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Just two months ago this incubator was helping to save the lives of premature babies at Bristol’s St Michael’s Hospital.
Now it’s playing a vital role in bringing tiny lizards and crocodiles into the world at Bristol Zoo Gardens.
St Michael’s had taken the 15-year-old incubator out of service six weeks ago and placed it in store.
But when Bristol Zoo got in touch after one of its incubators used in its reptile house broke down St Michael’s offered to pass it on.
A few days later the incubator was set up and working at the 180-year-old Zoo.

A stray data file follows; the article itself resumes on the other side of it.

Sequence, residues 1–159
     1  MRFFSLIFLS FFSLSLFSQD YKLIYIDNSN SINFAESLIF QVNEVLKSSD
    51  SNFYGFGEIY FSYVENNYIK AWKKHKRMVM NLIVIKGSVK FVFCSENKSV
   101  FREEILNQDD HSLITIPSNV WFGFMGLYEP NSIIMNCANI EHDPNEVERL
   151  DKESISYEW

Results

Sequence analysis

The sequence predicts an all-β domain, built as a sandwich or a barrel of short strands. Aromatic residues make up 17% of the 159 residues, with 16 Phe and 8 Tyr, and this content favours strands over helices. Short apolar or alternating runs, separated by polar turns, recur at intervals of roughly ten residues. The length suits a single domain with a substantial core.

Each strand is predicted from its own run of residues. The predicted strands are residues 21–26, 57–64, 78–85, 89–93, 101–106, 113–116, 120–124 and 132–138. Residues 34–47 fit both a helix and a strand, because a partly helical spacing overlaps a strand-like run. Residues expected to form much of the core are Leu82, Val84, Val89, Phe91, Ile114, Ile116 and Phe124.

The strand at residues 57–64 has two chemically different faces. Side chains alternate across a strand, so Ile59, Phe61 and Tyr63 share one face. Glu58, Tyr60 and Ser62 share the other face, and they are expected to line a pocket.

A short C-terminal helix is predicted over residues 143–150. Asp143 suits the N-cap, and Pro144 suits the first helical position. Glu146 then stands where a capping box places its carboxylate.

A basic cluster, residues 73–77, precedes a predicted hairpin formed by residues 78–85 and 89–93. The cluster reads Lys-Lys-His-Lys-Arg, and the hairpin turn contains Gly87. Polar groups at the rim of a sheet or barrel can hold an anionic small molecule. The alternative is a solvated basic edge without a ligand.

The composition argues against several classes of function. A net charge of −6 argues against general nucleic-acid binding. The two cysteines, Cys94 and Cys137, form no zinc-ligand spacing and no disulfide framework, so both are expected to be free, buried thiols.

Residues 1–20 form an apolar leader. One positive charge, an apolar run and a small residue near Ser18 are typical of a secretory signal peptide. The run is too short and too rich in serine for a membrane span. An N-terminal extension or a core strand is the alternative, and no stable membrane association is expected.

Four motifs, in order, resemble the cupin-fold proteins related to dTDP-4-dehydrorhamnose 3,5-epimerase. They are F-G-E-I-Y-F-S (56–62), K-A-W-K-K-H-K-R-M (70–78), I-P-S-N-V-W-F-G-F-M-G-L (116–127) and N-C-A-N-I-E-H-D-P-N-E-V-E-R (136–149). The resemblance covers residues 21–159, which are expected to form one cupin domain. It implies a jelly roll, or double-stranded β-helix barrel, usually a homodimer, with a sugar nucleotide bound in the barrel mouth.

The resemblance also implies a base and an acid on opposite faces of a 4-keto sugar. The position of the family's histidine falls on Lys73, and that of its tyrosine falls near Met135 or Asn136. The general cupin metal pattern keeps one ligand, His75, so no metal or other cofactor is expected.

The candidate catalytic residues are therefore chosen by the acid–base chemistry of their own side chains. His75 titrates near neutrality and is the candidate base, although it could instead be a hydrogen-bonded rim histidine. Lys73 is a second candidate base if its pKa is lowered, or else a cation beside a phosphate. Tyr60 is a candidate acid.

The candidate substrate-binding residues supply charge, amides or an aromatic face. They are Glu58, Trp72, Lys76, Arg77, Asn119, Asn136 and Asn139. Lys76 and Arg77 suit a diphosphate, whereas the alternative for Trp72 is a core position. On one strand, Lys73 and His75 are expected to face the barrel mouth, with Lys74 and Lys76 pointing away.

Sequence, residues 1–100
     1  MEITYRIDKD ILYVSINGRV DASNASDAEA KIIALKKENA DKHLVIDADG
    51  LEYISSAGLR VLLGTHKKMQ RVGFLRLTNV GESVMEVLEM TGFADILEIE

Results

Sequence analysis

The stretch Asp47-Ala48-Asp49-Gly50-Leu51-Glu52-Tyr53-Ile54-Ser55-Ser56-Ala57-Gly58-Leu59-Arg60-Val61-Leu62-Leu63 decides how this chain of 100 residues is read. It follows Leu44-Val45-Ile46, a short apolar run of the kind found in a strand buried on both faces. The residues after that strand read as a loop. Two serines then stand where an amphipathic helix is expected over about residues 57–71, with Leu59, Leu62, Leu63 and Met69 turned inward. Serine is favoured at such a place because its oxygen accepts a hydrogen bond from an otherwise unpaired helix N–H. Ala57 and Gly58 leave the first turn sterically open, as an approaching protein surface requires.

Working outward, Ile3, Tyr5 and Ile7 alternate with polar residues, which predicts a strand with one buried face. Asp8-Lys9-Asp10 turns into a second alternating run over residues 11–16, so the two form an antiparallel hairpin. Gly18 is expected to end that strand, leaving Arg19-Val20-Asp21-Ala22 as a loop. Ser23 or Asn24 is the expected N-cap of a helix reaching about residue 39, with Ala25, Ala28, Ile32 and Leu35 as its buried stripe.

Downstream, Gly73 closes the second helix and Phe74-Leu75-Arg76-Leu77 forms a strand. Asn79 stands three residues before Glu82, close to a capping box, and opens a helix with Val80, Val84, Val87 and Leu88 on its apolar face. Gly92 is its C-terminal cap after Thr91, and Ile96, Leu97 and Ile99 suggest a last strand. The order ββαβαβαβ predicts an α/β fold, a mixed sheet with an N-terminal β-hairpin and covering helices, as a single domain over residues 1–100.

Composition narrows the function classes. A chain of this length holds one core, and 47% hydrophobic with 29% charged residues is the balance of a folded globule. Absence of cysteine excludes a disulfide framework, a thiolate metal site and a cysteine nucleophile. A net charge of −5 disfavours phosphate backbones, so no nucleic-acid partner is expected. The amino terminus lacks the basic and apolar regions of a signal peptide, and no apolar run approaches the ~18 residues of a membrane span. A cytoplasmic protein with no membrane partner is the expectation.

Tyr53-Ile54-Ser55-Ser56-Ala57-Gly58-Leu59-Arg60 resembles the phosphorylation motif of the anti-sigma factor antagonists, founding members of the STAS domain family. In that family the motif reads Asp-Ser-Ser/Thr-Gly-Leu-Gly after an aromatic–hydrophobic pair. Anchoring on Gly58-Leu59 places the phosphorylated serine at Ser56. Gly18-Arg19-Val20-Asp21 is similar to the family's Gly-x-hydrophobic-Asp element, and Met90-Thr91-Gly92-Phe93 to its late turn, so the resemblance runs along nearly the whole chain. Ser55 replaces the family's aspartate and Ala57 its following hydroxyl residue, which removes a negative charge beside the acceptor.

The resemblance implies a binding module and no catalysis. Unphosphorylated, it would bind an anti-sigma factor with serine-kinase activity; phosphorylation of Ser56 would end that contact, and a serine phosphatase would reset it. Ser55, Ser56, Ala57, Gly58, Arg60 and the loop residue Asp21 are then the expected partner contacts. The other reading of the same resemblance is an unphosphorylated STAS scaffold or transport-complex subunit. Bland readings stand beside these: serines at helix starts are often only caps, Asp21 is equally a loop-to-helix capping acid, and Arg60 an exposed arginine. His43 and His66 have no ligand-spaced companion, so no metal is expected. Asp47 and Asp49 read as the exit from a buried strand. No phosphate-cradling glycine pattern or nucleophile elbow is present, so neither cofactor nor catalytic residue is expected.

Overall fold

Bridget Robbins, neonatal technician at St Michael’s, said: “Over the years this incubator must have saved the lives of hundreds of babies but it has now been superseded by better incubators. We are really glad that it’s now helping tiny reptiles.”
Tim Skelton, curator of reptiles and amphibians at Bristol Zoo, said: “We are really grateful to St Michael’s. These incubators, although designed for humans, work very well for certain reptile species that need high incubation temperatures of around 30C.
“We have hatched numerous crocodiles, monitor lizards, pythons, pancake tortoises and many other species in former hospital incubators over the years.”
The incubator currently has some pancake tortoise eggs in it which are expected to hatch around Easter.
Bristol Zoo Gardens is a conservation and education charity and relies on the generous support of the public not only to fund its important work in the Zoo, but also its vital conservation and research projects spanning five continents.
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